Mitsunobu Reaction


The Mitsunobu reaction was discovered by a professor in Japan, Oyo Mitsunobu (1934–2003). Mitsunobu reaction is an organic reaction that transforms primary or secondary alcohol into thioethers, phenyl ethers, esters, and various other compounds using an azodicarboxylate such as diethyl azodicarboxylate (DEAD) or diisopropyl azodicarboxylate (DIAD) and triphenylphosphine.

Mitsunobu Reaction

Reaction Mechanism

Reaction Mechanism of Mitsunobu Reaction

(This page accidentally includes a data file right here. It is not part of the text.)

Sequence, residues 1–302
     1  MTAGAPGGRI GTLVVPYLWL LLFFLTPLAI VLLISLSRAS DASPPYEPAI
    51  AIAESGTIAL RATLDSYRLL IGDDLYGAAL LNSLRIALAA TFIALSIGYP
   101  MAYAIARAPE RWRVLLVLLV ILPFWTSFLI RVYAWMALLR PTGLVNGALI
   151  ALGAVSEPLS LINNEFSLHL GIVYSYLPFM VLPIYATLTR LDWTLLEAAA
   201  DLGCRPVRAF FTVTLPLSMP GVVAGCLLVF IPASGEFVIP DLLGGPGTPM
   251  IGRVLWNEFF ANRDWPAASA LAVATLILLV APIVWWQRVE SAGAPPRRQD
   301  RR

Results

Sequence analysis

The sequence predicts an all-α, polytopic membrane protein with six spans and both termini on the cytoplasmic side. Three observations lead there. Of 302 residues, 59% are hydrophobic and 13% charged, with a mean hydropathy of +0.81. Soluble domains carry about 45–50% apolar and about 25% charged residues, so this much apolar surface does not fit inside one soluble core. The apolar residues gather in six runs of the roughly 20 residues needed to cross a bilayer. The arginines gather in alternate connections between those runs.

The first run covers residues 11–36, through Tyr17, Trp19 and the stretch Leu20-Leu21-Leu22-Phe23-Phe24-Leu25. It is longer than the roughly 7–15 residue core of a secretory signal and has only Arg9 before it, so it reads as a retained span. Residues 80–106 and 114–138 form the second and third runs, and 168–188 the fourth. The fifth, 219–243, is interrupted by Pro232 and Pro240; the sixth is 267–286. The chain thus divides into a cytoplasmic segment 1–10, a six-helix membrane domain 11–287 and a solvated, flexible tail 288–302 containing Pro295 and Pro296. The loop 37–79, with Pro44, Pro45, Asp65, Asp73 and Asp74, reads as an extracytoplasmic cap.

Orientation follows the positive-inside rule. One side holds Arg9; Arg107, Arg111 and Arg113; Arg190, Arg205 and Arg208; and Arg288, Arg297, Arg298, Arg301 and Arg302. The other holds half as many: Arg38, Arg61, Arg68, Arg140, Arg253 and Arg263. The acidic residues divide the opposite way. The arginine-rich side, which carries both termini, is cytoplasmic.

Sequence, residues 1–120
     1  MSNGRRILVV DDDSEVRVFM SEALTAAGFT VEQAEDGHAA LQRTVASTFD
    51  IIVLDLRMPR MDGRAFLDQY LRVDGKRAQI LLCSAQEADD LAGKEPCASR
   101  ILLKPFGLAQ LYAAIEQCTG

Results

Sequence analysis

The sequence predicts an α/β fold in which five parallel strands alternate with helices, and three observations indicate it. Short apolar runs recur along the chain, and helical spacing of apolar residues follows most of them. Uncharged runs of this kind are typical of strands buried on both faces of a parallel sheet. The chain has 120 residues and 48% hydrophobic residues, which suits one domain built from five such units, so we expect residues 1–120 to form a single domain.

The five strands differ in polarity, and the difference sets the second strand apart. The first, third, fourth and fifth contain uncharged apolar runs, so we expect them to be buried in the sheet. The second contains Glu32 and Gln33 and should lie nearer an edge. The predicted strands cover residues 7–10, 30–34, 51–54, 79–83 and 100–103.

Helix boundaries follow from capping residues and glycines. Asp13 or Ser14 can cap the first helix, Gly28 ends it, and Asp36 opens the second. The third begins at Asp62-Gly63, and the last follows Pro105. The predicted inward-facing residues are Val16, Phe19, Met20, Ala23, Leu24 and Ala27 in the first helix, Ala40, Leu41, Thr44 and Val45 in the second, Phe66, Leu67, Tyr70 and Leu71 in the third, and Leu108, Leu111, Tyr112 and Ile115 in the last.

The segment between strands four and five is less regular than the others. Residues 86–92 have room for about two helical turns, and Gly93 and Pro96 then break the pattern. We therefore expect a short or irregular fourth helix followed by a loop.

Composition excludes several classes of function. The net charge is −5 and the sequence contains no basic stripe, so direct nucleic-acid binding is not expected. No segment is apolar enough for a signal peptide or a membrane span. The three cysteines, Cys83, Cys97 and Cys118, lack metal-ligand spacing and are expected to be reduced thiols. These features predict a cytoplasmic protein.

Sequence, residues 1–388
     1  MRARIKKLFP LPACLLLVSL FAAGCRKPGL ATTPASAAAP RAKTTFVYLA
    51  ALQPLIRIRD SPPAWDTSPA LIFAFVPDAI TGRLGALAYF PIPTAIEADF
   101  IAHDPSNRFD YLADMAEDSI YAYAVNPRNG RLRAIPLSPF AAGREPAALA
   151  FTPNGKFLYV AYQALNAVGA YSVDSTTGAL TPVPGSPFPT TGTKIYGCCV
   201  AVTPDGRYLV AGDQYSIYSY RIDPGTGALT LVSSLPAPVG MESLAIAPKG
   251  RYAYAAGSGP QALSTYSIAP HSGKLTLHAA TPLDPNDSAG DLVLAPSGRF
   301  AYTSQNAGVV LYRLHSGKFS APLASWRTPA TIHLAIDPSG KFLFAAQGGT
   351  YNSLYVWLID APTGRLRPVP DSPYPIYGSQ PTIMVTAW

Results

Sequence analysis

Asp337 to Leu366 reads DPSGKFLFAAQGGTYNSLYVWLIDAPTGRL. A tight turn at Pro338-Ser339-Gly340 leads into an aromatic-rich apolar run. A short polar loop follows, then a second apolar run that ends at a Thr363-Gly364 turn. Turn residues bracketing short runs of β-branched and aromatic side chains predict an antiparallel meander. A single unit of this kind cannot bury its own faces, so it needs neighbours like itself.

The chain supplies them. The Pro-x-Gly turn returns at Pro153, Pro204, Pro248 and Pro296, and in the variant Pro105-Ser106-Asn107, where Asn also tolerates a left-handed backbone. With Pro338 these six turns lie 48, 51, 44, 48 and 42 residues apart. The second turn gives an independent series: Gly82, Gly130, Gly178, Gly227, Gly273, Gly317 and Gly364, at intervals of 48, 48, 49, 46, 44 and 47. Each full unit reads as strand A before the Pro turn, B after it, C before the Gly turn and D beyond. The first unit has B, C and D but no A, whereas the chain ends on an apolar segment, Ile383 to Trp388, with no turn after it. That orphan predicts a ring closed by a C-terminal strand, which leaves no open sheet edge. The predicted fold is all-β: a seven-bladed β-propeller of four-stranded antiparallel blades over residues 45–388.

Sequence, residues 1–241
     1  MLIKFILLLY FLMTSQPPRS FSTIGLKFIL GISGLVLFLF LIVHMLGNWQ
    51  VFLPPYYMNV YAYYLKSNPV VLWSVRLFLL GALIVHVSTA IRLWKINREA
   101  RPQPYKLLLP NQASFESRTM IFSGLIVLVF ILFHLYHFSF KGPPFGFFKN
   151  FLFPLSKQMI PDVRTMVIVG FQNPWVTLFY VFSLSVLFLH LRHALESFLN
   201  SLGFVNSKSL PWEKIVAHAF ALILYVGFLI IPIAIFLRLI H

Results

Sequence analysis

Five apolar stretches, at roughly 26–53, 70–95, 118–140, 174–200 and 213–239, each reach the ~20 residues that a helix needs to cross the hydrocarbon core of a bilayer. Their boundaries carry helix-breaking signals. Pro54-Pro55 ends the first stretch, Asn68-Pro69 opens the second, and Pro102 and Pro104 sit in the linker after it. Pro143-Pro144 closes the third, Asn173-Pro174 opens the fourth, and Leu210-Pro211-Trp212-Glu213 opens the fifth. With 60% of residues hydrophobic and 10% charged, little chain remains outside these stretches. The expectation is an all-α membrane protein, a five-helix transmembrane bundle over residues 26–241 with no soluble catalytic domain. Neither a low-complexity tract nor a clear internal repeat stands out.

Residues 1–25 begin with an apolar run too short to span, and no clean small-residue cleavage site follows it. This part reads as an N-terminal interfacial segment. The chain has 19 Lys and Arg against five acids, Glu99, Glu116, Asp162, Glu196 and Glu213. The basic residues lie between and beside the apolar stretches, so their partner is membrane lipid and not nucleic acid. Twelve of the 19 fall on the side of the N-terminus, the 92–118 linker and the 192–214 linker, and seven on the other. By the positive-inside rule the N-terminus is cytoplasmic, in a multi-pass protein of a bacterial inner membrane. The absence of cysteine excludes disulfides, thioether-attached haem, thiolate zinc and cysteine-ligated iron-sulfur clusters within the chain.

The reaction mechanism of the Mitsunobu reaction is a bit complex. The mechanism begins by forming a zwitter ionic intermediate on DEAD by an action of \(PPh_{3}\). The alcohol binds to the nucleophile and phosphonium ion to perform \(S_{N}2\) to yield the final substitution product.

The reaction has been applied in the synthesis of aryl ethers.

Synthesis of aryl ethers

The conversion with DEAD with particular reactants fails as phenol is a weaker acid. Azo dicarbonyl di piperidine (ADDP) is used instead of it as a stronger base, wherein phosphine as polymer-supported triphenylphosphine \(PS-PPh_{3}\).. This reaction is used to synthesize colchicine, quinine, morphine, sarain, eudistomin, stigma tellin, strychnine, nupharamine, and oseltamivir.

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